Hopkinsville Has the Second Largest Tobacco Market in the World
A Bit of History.
SOME FACTS ABOUT KENTUCKY'S GREATEST
Christian county was organized in 1797, and originally embraced
all the territory west of Green River, and was as large as the State
of Massachusetts. She gave off, at succeeding intervals, such lands as
she could not utilize profitably, and there was thus formed the splen-
did counties of Webster, Todd. Henderson, Union, Daviess, Hopkins,
and others. Christian, as the parent county, kept the best lands for
her own. These lands are now famous for the production of a,lI
crops which grow In the Temperate zone.
Area, 725 square miles, or 484,000 acres.
This is by far the largest agricultural county in the State second
only in area, to Pike county. Population based on 1910 census, 42,000.
Christia,n county has for its capital one of the most beautiful and pro-
gressive cities in the State. Hotel Latham, her principal hostelry, in
commodious and resplendent, and under its present efficient marnage-
ment is one of the best hotels in the State.
Christian county is the banner wheat county in Kentucky. She
produces one-tenth of the wheat grown in the State. She holds the
State record on the highest yield of wheat per acre. Mr. J. J. Gar-
rott, of Pembroke, Kentucky, made a. field average of 63 bushels per
acre. A crop record of 40 bushels per acre is not unusual among a
large number of her best farmers. Her wheat in quality is the best.
and always tops the market.
She produces more bushels of corn than any other county in the
Christian county raises more dark tobacco than any other county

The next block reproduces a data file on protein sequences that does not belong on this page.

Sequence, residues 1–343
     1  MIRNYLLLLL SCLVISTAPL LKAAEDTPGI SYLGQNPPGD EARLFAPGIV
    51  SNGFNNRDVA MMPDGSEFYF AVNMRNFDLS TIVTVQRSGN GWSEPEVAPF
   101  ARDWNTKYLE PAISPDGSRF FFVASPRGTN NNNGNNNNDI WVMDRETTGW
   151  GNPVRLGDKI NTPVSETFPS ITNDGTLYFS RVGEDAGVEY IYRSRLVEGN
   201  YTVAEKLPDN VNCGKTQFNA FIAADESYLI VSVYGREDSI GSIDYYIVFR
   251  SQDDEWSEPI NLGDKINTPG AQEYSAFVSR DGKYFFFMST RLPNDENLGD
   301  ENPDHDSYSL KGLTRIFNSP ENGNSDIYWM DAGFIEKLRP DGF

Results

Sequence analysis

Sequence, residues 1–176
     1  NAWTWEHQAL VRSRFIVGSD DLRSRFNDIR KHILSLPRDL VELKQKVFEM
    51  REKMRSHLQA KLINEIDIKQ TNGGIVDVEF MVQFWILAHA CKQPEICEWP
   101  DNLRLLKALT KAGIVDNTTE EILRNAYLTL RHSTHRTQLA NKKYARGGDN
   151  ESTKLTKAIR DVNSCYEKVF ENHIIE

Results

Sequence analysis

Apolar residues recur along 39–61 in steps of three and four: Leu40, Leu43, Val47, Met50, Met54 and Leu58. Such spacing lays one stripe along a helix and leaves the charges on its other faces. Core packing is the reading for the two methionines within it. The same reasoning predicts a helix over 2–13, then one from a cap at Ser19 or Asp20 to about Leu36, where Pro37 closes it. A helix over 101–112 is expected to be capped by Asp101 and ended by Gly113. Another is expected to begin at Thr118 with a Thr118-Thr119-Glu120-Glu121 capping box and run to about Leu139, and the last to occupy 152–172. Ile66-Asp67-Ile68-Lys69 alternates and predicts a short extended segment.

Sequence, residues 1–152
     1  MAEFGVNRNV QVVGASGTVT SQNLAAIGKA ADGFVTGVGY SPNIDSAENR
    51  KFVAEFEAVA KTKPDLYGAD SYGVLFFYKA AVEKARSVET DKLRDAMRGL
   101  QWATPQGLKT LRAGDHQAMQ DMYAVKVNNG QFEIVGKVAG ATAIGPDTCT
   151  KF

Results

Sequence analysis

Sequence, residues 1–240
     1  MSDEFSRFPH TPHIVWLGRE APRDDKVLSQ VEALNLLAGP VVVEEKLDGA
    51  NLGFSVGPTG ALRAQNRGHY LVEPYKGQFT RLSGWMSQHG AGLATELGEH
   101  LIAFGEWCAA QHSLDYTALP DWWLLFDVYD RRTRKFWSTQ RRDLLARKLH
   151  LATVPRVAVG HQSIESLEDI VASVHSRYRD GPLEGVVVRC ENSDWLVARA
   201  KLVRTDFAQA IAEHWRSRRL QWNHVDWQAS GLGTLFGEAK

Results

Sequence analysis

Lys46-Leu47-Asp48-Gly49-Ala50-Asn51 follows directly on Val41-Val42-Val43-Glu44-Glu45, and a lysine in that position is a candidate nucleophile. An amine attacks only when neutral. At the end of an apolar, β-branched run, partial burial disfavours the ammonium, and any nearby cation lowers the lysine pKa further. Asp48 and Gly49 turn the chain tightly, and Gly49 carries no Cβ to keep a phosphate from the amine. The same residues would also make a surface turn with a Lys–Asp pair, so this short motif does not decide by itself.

in the State. Our soil - s adapted to the growth of the export to-
baccos. Christian county grows 15,000,000 pounds annually, 75 per
cent of which goes abroad. Hopkinsville Is the largest dark tobacco
market in the world. She handles 30 million pounds annually. The
tobacco crop alone brings an annual dividend to our growers of
nearly one million and a half dollars. While Corn is king and Wheat
is Queen, our Tobacco crop pays the bills. Hopkinsville has some oi
the greatest tobacco plants, warehouses and loose floors to be found
anywhere. These buildings represent an investment of over one mil-
These tobaccoes are re-handled and specially prepared for the
various European countries. Each of these countries acre represented
on our market by a direct agent, who are in most instances local to-
bacconists. These tobaccos are consumed by England. France, Ger-
many, Austria, Italy and Scandinavian Europe. About 75 per cent of
our product goes to these countries annually; the remaining 25 per
cent supplies practically all the snuff used in the United States, also
a certain grade of cigars and stogies, for which there is an ever in-
crea,sing demand. There are a large number of independent fac-
tories that rehandle and prepare tobaccos on order.
The Railroad Facilities of Christian Cotint' ore Ursurpassed